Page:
mm360: Global food price crisis: genocide?

April 26, 2008

MUDGE’s Musings

Fellow WordPress.com blogger Dandelion Salad (and I call him my fellow blogger, which is a disservice to him, or gives me way too much credit) has a thoughtful essay on the increasingly dire global food price calamity.

You’re aware that food prices are skyrocketing, aren’t you? Here’s what The Economist (best magazine on the planet) had to say about it recently:

“This is a silent tsunami,” says Josette Sheeran of the World Food Programme, a United Nations agency. A wave of food-price inflation is moving through the world, leaving riots and shaken governments in its wake. For the first time in 30 years, food protests are erupting in many places at once. Bangladesh is in turmoil (see article); even China is worried (see article). Elsewhere, the food crisis of 2008 will test the assertion of Amartya Sen, an Indian economist, that famines do not happen in democracies.

That got my attention.

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mm353: Blast from the Past! No. 12

April 20, 2008

The MUDGE family is on vacation this week. We don’t know that we’ll be able to restrain ourselves from blogging during the entire span, after all the grandMUDGElets go to bed pretty early, but without access to our files, and WindowsLiveWriter, for this week only, when we feel that irresistible urge to blog, we’ll treat blogging like we do (sigh) exercise: we’ll just lie down until the feeling goes away.

But, the Prime Directive of Blogging reads: Thou Shalt Blog Daily! So shalt we.

There’s most read, and then there’s favorite. This is a post which yr (justifiably) humble svt is, regrettably, but not regretfully, not at all humble about.

lhc250x46_thumb2

Blast from the Past!

A post we really, really loved to write, and read, and re-read…

From our early days, originally posted July 28 2007, our first in our series called, over-ambitiously, Web Conferencing Week. The entire group can be found on its own page elsewhere on this site.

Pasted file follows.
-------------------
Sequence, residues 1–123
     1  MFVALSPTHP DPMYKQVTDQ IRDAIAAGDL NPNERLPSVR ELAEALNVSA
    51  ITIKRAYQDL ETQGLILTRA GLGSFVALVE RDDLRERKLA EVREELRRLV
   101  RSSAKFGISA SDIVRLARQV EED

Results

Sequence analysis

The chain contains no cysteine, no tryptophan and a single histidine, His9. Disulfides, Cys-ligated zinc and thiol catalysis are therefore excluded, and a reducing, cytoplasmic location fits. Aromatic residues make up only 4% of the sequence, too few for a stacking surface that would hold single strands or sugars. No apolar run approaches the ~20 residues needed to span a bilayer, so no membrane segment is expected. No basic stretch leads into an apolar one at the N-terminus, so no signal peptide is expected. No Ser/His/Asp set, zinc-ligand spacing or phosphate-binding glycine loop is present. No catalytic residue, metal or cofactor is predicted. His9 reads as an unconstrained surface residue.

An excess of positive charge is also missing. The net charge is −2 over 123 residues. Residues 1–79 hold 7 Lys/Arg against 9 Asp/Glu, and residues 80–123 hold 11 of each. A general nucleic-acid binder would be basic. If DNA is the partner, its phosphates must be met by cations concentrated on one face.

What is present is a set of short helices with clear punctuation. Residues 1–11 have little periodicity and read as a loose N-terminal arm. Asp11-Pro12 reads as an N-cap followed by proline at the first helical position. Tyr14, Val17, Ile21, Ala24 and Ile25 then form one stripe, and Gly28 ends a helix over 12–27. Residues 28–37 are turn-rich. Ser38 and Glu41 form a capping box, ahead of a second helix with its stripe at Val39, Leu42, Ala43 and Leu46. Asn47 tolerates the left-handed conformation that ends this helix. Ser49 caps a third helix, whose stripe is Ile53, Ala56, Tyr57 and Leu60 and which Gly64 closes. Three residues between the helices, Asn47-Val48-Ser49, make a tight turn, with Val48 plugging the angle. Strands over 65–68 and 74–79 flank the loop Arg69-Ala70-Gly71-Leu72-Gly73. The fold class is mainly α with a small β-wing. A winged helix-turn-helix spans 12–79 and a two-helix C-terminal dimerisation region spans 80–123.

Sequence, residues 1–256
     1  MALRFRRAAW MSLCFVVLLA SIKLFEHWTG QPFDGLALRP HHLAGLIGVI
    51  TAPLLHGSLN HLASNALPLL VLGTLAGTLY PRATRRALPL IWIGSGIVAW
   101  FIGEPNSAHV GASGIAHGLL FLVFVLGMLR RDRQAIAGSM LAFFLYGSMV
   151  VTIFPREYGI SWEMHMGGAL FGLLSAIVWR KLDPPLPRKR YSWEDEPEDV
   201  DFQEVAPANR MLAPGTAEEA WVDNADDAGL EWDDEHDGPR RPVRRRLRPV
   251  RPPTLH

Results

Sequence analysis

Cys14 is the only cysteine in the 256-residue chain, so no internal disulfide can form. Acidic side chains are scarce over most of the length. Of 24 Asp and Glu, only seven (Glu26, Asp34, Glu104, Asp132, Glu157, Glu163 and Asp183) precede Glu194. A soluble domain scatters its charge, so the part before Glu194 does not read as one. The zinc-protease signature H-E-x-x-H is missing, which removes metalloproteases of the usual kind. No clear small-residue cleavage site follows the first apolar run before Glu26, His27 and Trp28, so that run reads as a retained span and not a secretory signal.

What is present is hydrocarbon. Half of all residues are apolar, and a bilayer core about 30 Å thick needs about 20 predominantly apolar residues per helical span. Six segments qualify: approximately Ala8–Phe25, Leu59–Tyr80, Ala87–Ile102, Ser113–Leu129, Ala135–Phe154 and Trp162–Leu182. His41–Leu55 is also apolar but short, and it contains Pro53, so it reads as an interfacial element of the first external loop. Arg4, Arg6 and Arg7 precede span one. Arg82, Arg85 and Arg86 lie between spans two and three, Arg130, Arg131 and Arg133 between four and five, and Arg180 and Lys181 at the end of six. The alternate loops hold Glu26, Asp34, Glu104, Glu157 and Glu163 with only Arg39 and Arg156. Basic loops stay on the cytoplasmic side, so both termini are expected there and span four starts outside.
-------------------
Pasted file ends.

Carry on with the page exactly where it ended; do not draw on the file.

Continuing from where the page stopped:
WcW003: Web Conferencing Week – Sometimes it’s all about teaching

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Web Conferencing Week

As filled with unusualities as was last week, this past week… was not.

The main theme was teaching. We wrote about this facet of my career quite extensively in mm018 and I don’t feel compelled to rehash here. It’s a significant portion of my responsibilities here at HCA (Heart of Corporate America remember, not its real name).

And, like all things everywhere, it either dies or changes. I vote for change.

For more than a year, we’ve been attempting to turn over some of the basic courses to an expert in our division’s training department. To that end I’ve provided annotated course material, one on one instruction, the opportunity to practice. I am this good teacher, right?

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mm350: Blast from the past No. 9

April 17, 2008

MUDGE’s Musings

The MUDGE family is on vacation this week. We don’t know that we’ll be able to restrain ourselves from blogging during the entire span, after all the grandMUDGElets go to bed pretty early, but without access to our files, and WindowsLiveWriter, for this week only, when we feel that irresistible urge to blog, we’ll treat blogging like we do (sigh) exercise: we’ll just lie down until the feeling goes away.

But, the Prime Directive of Blogging reads: Thou Shalt Blog Daily! So shalt we.

There’s most read, and then there’s favorite. This is a post which yr (justifiably) humble svt is, regrettably, but not regretfully, not at all humble about.

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Blast from the Past!

A post we really, really loved to write, and read, and re-read…

From our very earliest days, originally posted July 14, 2007.

mm067: By the way, I do earn a living!

I realize that it has been some time since I broached the topic of my career, and what I do to afford the leisure to pursue this blogging thing. Lot’s of Bloomberg here; just not in this post, sorry!

Faithful reader will remember that what I do is web conferencing, an increasingly useful tool that should be adopted by more and more corporate entities due to its transformative capabilities.